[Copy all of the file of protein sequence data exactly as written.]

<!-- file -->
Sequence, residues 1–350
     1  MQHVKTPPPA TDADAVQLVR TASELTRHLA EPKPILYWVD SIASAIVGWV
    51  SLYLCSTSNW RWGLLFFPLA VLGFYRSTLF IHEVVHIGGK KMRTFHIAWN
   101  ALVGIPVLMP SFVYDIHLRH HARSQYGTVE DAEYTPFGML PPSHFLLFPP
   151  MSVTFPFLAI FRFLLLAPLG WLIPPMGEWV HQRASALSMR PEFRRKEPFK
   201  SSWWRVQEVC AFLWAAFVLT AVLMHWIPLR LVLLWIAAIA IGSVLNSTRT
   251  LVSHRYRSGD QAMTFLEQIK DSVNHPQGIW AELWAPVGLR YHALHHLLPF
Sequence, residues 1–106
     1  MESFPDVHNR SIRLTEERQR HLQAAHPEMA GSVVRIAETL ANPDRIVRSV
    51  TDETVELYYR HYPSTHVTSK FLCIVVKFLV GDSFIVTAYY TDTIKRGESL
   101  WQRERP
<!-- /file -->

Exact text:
Sequence, residues 1–350
     1  MQHVKTPPPA TDADAVQLVR TASELTRHLA EPKPILYWVD SIASAIVGWV
    51  SLYLCSTSNW RWGLLFFPLA VLGFYRSTLF IHEVVHIGGK KMRTFHIAWN
   101  ALVGIPVLMP SFVYDIHLRH HARSQYGTVE DAEYTPFGML PPSHFLLFPP
   151  MSVTFPFLAI FRFLLLAPLG WLIPPMGEWV HQRASALSMR PEFRRKEPFK
   201  SSWWRVQEVC AFLWAAFVLT AVLMHWIPLR LVLLWIAAIA IGSVLNSTRT
   251  LVSHRYRSGD QAMTFLEQIK DSVNHPQGIW AELWAPVGLR YHALHHLLPF
Sequence, residues 1–106
     1  MESFPDVHNR SIRLTEERQR HLQAAHPEMA GSVVRIAETL ANPDRIVRSV
    51  TDETVELYYR HYPSTHVTSK FLCIVVKFLV GDSFIVTAYY TDTIKRGESL
   101  WQRERP